The three main parties in Britain will be holding their annual conferences in the next month: first the Liberal Democrats on 19-23 September, then Labour on 29 September to 1 October, and finally the Conservatives on 5-8 October. These conferences will signal the de facto start of the Westminster general election that must be held by next June at the latest. They will provide the parties with a platform to set out their policies and to demonstrate to the electorate their unity of purpose and electability. From October onwards they will all be in full election mode.
If Gordon Brown stretches his doomed term to its limit, the election campaign could be over nine months long – long enough to tax the stamina and resources of even a large and well-funded party. Yet the parties will all have to remain on war footing for the whole period – any slackening could give the opponents a chance to steal the advantage.
As things stand at the moment the Conservatives are on course for a resounding victory in 2010 – but if a week is a long time in politics, imagine what nine months feels like to David Cameron! The conferences themselves can boost party support, but this is usually just a temporary bounce which will be long forgotten by next June.
Northern Ireland is, of course, caught up in all this but yet at the same time utterly marginal to it. Even Roy Garland has noticed that the poor UUP, despite their pretence of importance, are simply pawns being used to further British aims: "While we could not compare Sir Reg with Edward Carson, even the latter discovered he was but a puppet in a game to get the Tories into power." Northern Ireland may get a token mention at each party conference, but in the election it will scarcely count – the real battle remains one between Labour and the Conservatives in the densely populated heartlands of England and to a less extent central Scotland and south Wales.
Nonetheless, elections will also be held in Northern Ireland's 18 Westminster constituencies, and while largely irrelevant to the future of the UK, the results will be of great local importance. Northern Ireland's parties have neither the resources nor the necessity to commit to a nine month campaign, and so the increasing clamour on the other side of the Irish Sea will be viewed from here with a kind of envious detachment. Northern Ireland's parties will only really get active in the month or two before the election date – though some, like the TUV, will try to get publicity earlier, and the unionist media will no doubt give it to them to try to bolster the illusion that Northern Ireland really is an equal participant.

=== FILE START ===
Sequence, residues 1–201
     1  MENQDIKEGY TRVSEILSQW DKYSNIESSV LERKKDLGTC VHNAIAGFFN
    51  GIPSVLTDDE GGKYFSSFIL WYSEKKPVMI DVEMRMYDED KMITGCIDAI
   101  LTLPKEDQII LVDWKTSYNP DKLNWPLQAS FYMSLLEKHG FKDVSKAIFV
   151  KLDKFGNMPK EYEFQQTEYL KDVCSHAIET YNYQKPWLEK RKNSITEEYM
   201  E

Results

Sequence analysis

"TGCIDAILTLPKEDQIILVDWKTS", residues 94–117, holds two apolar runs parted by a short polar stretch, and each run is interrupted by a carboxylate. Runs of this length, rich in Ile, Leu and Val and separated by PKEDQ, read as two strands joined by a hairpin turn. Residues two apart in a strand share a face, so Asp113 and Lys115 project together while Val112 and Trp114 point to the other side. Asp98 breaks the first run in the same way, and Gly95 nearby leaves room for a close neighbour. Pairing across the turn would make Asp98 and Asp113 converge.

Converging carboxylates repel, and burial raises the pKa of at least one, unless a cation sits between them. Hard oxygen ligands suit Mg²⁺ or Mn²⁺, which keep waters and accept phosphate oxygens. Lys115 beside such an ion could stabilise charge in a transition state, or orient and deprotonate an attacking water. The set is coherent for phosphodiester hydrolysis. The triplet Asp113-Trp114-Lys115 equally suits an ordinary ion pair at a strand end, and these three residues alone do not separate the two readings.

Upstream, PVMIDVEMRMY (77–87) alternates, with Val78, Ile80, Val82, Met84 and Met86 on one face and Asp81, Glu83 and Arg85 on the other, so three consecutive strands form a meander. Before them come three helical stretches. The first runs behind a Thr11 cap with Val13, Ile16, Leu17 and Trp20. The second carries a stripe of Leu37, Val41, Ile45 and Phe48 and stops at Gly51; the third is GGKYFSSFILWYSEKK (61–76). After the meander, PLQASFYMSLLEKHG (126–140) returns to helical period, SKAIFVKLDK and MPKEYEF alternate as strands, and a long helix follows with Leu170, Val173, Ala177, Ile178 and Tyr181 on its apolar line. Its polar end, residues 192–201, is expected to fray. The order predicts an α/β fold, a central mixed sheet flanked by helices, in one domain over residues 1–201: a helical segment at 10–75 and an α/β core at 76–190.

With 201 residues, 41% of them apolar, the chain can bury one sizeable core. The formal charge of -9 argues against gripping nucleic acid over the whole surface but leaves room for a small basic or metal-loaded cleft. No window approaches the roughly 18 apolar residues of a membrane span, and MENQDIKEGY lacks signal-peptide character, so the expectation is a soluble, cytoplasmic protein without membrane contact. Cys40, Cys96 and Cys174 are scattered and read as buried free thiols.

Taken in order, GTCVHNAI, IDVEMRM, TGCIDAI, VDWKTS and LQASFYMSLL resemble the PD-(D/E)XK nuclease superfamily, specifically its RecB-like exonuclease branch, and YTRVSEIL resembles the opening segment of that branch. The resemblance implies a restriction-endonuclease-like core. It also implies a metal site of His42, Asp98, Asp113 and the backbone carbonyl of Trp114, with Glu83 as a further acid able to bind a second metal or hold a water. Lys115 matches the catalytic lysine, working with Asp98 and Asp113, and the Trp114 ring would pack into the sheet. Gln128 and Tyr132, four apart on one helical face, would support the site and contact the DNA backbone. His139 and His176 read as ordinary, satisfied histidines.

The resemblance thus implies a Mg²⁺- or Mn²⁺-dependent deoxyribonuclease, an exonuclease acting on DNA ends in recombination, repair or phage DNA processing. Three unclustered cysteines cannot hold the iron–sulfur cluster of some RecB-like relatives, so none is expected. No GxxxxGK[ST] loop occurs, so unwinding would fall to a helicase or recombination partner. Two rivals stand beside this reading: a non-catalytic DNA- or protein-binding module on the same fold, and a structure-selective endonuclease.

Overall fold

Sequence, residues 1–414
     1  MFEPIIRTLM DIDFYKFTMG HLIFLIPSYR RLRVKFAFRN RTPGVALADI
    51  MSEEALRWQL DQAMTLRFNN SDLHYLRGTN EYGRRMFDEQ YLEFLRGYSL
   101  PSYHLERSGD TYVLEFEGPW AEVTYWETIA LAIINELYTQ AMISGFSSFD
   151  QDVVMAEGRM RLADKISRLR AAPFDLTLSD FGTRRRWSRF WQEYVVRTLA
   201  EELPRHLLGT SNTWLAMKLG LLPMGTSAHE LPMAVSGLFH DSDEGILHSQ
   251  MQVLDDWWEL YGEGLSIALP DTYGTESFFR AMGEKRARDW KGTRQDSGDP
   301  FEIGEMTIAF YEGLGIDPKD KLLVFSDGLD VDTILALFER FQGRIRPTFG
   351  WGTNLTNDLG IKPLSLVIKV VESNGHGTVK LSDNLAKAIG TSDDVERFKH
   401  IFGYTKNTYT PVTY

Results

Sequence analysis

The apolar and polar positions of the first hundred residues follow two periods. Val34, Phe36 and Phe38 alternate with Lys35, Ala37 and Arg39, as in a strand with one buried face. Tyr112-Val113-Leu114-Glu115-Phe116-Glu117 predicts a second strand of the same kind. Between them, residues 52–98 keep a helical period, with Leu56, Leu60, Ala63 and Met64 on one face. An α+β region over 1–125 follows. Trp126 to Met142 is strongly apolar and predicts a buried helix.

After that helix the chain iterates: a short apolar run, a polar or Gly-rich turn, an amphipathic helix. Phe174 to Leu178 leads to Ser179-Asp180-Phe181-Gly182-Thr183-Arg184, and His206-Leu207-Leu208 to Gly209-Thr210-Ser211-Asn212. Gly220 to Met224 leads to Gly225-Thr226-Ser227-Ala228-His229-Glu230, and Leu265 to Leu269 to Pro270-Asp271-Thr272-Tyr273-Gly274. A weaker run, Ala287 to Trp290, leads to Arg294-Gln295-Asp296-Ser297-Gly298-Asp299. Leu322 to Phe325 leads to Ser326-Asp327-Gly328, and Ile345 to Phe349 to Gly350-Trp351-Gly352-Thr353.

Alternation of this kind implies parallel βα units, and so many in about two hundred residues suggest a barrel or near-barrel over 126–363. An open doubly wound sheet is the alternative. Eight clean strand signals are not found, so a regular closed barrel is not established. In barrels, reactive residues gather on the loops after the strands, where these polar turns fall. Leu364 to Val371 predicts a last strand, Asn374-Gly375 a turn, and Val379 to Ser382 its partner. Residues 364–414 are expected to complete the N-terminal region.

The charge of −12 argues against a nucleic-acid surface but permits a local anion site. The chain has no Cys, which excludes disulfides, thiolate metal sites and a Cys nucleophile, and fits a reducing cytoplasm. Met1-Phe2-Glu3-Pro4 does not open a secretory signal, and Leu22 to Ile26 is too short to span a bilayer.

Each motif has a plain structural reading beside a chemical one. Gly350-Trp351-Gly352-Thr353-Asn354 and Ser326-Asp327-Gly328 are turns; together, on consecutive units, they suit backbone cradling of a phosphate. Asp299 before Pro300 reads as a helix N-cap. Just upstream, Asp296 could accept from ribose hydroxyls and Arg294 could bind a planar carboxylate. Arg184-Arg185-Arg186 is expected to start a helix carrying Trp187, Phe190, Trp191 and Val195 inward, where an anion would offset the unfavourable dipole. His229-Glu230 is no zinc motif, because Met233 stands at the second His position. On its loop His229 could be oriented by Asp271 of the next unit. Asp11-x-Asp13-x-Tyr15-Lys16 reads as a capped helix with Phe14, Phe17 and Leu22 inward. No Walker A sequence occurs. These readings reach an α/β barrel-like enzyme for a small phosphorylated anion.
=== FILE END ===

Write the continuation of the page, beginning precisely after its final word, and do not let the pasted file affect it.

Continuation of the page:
But the absence of any policies in the Northern Irish debate apart from the eternal constitutional question dooms the election campaign to sterility. It simply doesn't matter who wins seats in Northern Ireland because it will not affect the overall outcome, except in the highly unlikely event of a Tory disaster and the UUP holding the balance of power – a fantasy which even the UUP know to be almost impossible.
The interest in the election in Northern Ireland stems only from the light it shines on the relative sizes of the two main political blocks. Whether unionists steal Fermanagh-South Tyrone, or Sinn Féin retains it, is largely irrelevant in the wider scheme of things. Although the victor would claim it as a great victory, it provides him (or her) with no power or reassurance for the future. Only the aggregate votes of the blocks can do that, and if unionism achieves its objectives and snatches additional seats while at the same time suffering an overall drop in its proportion of the vote, these victories will be but Pyrrhic. A side-show in this election will be provided again by the TUV, but this performance will remain entirely within the unionist camp, and the overall effect for unionism will be zero. Nonetheless, it is always entertaining to watch unionist infighting so this blog will pay the TUV some undeserved attention.
In the run-up to the election campaign this blog will look at the profiles of each of the 18 constituencies – though the demographic data is getting old, and the electoral data will be three years out of date by June 2010 – in order to provide a basis for predictions of the outcome. Of course the actual outcome will in many cases depend on who stands (or doesn't, if there are pacts) and on the unknown unknowns that a nine-month election campaign will inevitably throw up.